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Journey of Looms and their weaving story!

 Making a saree is very labour intensive. It involves a community of artisans, often a family of weavers or dyers, coordinating with each other, building upon years of tradition. Once the desired yarn has been procured from the market, the following processes are involved in creating a finished product.   Step 1. Dyeing  Yarns (in hanks) are hand dyed by the local dyers. Finer the yarn, the more difficult its dyeing. The yarn needs careful handling as consistent water treatment reduces its strength.   Step 2. Reeling  Reeling of dyed yarns into spools is done by hand on the “charkhas” or spinning wheels. For handspun products, the dyed thread is strengthened and softened by soaking overnight in a solution of rice...

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Linen - Decoding the Fashion Industry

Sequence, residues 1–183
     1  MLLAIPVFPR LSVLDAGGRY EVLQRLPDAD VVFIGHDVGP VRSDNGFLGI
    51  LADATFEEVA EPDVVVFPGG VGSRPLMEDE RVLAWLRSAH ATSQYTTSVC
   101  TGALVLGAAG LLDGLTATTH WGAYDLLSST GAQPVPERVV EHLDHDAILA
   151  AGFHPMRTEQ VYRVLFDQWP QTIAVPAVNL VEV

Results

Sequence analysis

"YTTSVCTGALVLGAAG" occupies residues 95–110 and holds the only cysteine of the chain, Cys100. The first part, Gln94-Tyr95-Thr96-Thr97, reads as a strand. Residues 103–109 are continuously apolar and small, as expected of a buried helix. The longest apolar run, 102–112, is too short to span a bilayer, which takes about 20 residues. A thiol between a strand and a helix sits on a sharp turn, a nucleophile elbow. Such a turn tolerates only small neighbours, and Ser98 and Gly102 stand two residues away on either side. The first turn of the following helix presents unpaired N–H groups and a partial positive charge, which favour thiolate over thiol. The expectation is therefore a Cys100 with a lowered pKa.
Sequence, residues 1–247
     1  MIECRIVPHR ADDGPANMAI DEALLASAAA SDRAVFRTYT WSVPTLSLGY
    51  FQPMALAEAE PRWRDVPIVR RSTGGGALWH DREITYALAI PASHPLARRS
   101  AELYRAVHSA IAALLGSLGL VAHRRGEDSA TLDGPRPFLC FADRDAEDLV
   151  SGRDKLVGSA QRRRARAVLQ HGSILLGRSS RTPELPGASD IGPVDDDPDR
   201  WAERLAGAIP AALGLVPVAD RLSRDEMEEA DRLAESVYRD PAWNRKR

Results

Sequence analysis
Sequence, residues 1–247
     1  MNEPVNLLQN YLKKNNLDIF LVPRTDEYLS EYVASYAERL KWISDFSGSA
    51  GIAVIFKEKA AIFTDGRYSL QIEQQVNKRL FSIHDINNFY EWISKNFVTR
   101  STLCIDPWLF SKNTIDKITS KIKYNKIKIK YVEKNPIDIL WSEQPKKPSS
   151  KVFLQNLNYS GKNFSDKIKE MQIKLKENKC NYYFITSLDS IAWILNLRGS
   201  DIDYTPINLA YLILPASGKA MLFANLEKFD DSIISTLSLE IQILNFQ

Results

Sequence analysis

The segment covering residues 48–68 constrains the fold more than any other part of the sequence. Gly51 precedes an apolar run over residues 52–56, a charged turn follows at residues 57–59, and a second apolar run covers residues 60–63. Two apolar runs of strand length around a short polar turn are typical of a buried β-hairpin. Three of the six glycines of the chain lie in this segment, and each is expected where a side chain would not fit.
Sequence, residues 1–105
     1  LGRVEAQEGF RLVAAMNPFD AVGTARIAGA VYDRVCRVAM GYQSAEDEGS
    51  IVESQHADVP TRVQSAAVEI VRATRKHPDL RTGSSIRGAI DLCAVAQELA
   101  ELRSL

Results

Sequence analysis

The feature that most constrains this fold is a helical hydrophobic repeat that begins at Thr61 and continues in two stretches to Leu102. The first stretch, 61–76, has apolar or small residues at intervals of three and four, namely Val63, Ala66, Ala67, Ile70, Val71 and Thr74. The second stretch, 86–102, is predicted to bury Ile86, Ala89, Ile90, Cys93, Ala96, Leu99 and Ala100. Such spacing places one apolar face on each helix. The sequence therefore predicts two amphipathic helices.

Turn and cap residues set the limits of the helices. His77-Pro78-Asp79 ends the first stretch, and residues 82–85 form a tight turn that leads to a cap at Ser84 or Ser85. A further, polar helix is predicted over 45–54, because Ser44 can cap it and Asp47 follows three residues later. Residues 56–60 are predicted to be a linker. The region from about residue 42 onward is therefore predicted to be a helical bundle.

Contrary to the popular belief, you do not have to be a wealthy boat owner or of a certain age or demographic in order to wear linen. There is a particular stereotype associated with linen wearers and we're here to bust that myth. Borrow some tips to increase your SQ (Style Quotient) GO SOLID! Want to make a fashion statement in your own way? Then pick a fully plain solid Linen saree and pair it with a patterned blouse, dainty layered jewellery and a subtle makeup. These Linen sarees make you stand out in the crowd and also boosts your confidence. Loud shades or Pastels both speak volumes if you know how to carry them. They make you look worthy! MODERN...

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Facts People Should Know About Linen Sarees

Thread Count: While buying a linen saree, you have been probably told to pay attention to the thread count. Thread count refers to the number of horizontal (weft) and vertical (warp) threads per square inch. Generally, higher the thread count, softer will be the fabric, and more likely it will be wearable or become softer over time. An average linen saree is counted between 60 to 120 count. So the thread count is an indication of only the texture of the linen saree. Thread count is not an indication of the Quality of the saree. Myth Broken!   Linen as a fabric is stronger: The tensile strength of linen is twice as much as cotton, and thrice as much as wool because the fibre...

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